Tag Archives: graphs

UK election cartogram in the medium of Opal Fruits

I’ve been stockpiling Opal Fruits, which young people tell me are now called Starburst, in anticipation of today’s election results.

opal-fruits-cartogram

This is like one-tenth of the stash. I don’t want to eat them though. You know what you’re going to get if you knock here at Halloween.

I took the New York Times’ hexbin cartogram, imposed a 6×8 rectangular grid and counted the most common party in each block. There was a little bit of fudging and chopping up the sweets. It is art, no? Here’s the video:

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Dataviz of the week, 7/6/17

You know how people love maps with little shapes encoding some data? Hexagons, circles, squares? Jigsaw pieces? Opal Fruits?

block choropleth

Rip’t from the pages of the Times Higher Education magazine, some years ago.

Or small multiples?

You know how people love charts made from emojis?

Screen Shot 2017-04-19 at 00.02.51

Stick them together and what do you get?

 

 

Awesomesauce.

This is by Lazaro Gamio. They’re not standard emojis. Six variables get cut into ordinal categories and mapped to various expressions. You can hover on the page (his page, not mine, ya dummy) for more info. Note that some of the variables don’t change much from state to state. Uninsured, college degrees, those change, but getting enough sleep — not so much. It must be in there because it seems fun to map it to bags under the eyes. But the categorisation effectively standardises the variables so small changes in sleep turn into a lot of visual impact. Anyway, let’s not be too pedantic, it’s fun.

This idea goes back to Herman Chernoff, who always made it clear it wasn’t a totally serious proposal, and has been surprised at its longevity (see his chapter in PPF). Bill Cleveland was pretty down on the idea in his ’85 book:

“not enough attention was paid to graphical perception … visually decoding the quantitative information is just too difficult”

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Dataviz of the week, 24/5/2017

On Twitter, @SirSandGoblin is tracking polls before the UK general election in the medium of cross-stitch.

You just have to look. This is clearly the work of a dataviz genius. I have nothing more to say.

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Dataviz of the week, 17/5/2017

nextstrain.org is a website that offers real-time tracking of pathogens as they evolve (flu, ebola, dengue, all your favourites are here). Data gets pulled in from various monitoring systems worldwide and represented with interactive content in several pretty ways:

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They have their own libraries called fauna, augur and auspice, the last of these doing the dataviz stuff, and as far as I could tell built on D3. I don’t pretend to understand the genetic and genomic work that has to go on to process the raw data but that is clearly substantial.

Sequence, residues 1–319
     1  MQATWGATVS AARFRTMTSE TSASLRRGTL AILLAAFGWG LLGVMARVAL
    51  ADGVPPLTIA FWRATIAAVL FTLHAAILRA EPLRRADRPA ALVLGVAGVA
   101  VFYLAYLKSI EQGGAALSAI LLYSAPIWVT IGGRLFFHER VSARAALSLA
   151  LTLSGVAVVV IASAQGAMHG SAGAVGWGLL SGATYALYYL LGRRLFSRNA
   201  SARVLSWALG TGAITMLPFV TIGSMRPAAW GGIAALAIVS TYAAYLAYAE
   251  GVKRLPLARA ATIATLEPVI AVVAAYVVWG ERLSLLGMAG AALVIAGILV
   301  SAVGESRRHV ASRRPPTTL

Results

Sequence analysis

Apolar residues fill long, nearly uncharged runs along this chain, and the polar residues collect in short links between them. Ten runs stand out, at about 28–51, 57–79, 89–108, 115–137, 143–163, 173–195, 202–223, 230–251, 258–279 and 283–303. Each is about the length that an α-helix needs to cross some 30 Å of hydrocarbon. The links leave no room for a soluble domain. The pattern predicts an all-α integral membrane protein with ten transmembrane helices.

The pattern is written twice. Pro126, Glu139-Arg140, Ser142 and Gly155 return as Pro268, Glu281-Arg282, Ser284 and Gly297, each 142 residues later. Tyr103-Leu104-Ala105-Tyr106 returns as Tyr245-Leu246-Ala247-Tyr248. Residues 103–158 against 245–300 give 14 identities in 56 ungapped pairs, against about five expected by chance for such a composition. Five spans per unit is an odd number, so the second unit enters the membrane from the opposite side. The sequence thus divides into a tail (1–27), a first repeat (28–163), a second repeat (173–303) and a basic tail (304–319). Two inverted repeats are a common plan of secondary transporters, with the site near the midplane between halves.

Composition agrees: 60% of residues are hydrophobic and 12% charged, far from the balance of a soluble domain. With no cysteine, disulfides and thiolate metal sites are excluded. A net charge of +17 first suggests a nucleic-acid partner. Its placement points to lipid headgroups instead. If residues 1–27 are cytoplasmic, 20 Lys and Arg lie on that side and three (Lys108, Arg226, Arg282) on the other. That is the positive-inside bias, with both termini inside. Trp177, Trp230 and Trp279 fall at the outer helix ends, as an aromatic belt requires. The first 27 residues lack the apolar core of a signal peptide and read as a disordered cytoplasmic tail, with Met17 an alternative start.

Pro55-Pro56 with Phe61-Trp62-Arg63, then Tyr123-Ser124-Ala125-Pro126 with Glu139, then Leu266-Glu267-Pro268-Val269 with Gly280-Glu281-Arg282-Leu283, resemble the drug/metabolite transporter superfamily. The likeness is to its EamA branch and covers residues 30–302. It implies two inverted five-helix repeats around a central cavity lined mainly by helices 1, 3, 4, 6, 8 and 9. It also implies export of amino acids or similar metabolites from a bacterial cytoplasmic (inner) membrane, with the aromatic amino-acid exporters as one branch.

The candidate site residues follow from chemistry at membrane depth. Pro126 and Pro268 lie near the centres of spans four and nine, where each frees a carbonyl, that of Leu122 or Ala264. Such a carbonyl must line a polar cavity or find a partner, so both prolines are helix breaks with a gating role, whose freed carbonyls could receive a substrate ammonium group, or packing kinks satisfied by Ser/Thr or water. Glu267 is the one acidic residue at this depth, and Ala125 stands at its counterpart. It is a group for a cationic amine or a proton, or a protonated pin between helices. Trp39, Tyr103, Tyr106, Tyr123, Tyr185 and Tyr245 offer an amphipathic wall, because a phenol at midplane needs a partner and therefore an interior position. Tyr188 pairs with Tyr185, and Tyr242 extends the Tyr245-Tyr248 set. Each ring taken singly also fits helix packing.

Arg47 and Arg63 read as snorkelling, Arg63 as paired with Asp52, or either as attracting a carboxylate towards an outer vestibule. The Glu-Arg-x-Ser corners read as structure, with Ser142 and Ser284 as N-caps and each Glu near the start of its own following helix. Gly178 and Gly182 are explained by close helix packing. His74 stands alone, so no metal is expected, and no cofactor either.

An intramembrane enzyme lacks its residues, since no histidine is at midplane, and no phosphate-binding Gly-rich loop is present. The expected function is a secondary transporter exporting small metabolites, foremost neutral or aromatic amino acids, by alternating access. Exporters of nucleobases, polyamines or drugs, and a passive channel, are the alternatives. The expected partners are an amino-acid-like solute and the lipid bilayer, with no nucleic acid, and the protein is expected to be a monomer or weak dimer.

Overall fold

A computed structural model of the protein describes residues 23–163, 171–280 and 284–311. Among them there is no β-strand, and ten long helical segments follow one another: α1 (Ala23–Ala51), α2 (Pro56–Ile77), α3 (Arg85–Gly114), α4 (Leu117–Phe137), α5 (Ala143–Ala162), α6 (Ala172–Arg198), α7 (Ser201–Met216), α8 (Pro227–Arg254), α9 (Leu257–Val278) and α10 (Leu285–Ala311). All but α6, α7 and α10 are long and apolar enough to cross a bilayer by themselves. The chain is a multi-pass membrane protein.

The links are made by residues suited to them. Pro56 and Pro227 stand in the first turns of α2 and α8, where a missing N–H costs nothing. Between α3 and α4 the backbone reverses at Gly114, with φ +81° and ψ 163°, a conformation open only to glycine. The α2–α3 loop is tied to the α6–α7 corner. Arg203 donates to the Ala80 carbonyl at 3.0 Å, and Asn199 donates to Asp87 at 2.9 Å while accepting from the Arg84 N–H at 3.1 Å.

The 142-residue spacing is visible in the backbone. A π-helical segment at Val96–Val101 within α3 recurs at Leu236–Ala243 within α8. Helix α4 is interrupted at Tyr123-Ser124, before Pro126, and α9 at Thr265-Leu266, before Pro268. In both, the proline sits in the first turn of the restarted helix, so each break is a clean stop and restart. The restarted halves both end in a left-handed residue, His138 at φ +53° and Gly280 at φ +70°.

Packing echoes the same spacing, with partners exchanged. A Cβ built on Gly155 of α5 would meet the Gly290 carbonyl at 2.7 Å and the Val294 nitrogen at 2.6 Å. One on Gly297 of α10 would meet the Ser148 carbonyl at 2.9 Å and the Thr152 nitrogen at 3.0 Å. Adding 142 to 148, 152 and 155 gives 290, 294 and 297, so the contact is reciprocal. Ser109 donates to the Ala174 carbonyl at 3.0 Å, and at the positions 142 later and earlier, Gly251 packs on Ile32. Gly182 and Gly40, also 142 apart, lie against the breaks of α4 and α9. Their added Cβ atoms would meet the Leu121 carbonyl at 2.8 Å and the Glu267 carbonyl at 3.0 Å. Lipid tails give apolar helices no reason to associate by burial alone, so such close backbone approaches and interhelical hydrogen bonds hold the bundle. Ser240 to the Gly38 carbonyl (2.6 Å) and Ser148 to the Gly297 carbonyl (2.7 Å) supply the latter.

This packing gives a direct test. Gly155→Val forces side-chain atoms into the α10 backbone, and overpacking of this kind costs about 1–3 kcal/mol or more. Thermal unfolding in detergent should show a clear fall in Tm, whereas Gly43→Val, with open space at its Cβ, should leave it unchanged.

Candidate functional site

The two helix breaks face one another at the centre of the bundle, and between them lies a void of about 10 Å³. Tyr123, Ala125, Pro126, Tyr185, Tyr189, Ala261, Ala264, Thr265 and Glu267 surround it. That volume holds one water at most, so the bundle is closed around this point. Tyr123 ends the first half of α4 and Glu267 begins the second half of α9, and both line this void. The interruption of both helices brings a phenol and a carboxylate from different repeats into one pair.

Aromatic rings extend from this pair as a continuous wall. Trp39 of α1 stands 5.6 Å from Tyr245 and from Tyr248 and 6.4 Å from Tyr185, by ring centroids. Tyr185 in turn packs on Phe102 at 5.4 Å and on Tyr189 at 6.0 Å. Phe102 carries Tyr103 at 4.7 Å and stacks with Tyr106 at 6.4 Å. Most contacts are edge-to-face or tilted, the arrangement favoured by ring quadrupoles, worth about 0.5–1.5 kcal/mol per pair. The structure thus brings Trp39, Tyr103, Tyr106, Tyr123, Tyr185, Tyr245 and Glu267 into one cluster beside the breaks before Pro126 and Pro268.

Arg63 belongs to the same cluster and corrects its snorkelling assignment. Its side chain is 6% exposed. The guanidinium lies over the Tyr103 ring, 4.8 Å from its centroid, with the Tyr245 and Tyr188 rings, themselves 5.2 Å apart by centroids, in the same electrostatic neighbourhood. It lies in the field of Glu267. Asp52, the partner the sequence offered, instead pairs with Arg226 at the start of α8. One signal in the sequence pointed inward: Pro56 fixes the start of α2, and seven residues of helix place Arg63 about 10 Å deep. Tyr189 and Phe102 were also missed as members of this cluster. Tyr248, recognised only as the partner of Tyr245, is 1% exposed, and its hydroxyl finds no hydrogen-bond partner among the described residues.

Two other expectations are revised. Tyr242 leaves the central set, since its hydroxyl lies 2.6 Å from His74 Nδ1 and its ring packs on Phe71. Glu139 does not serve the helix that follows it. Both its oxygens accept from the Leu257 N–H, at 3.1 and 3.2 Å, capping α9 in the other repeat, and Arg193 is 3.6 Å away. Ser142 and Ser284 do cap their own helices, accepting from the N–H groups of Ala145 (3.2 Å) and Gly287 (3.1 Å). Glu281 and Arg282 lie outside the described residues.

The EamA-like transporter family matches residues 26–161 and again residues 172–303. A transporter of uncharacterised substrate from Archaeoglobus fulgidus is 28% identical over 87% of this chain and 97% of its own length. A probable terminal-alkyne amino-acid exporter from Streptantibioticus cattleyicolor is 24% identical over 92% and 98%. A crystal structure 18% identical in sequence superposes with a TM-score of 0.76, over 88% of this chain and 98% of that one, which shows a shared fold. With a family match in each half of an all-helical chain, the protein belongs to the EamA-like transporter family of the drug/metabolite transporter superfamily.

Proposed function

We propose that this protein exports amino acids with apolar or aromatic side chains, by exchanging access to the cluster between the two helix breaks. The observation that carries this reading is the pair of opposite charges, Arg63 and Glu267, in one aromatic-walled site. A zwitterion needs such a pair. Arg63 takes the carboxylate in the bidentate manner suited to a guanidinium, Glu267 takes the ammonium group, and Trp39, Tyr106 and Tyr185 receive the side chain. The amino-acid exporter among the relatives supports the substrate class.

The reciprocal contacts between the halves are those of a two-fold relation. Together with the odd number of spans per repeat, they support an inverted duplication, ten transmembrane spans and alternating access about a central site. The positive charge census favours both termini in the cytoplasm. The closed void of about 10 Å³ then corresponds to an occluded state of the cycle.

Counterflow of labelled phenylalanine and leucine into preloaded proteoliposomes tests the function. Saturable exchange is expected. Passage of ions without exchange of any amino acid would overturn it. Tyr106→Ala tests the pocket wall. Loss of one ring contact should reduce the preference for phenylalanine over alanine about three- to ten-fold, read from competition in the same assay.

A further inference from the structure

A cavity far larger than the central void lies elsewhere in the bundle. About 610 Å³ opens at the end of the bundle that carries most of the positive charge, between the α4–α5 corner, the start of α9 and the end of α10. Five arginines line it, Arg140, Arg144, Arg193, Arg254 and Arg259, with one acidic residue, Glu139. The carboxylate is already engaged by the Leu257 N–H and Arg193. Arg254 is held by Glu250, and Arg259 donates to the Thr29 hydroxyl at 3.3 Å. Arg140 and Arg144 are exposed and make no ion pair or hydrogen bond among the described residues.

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Dataviz of the week, 26/4/17

This chart of population density across Europe by Henrik Lindberg has been very popular online this last week.

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Long-standing readers will recall my stab at this but nowadays everybody just does it in ggplot2. It’s good to have options. While you’re at his Gist page, checkout his other stuff too.

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Dataviz of the week, 19/4/17

 

This is just the greatest thing I’ve seen in a while, and definitely in the running for dataviz o’ the year already. Emoji scatterplot:Screen Shot 2017-04-18 at 23.58.23

And another:

Screen Shot 2017-04-19 at 00.02.51

There’s also a randomisation test which I’ll leave you to discover for yourself.

 

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Dataviz of the week, 12/4/17

This week, a chart with some Bayesian polemic behind it. Alexander Etz put this on Twitter:

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He is working on an R package to provide easy Bayesian adjustments for reporting bias with a method by Guan & Vandekerchhove. Imagine a study reporting three p-values, all just under the threshold of significance, and with small-ish sample sizes. Sound suspicious?

jim-taggart-theres-been-a-murder

Sounds like someone’s been sniffing around after any pattern they could find. Trouble is, if they don’t tell you about the other results they threw away (reporting bias), you don’t know whether to believe them or not. Or there are a thousand similar studies but this is the (un)lucky one and this author didn’t do anything wrong in their own study (publication bias).

Well, you have to make some assumptions to do the adjustment, but at least being Bayesian, you don’t have to assume one number for the bias, you can have a distribution. Here, the orange distribution is the posterior for the true effect once the bias has been added (in this case, p>0.05 has a 0% chance of getting published, which is not unrealistic in some circles!) This is standard probabilistic stuff but it doesn’t get done  because the programming seems so daunting to a lot of people. The more easy tools – with nice helpful visualisations – the better.

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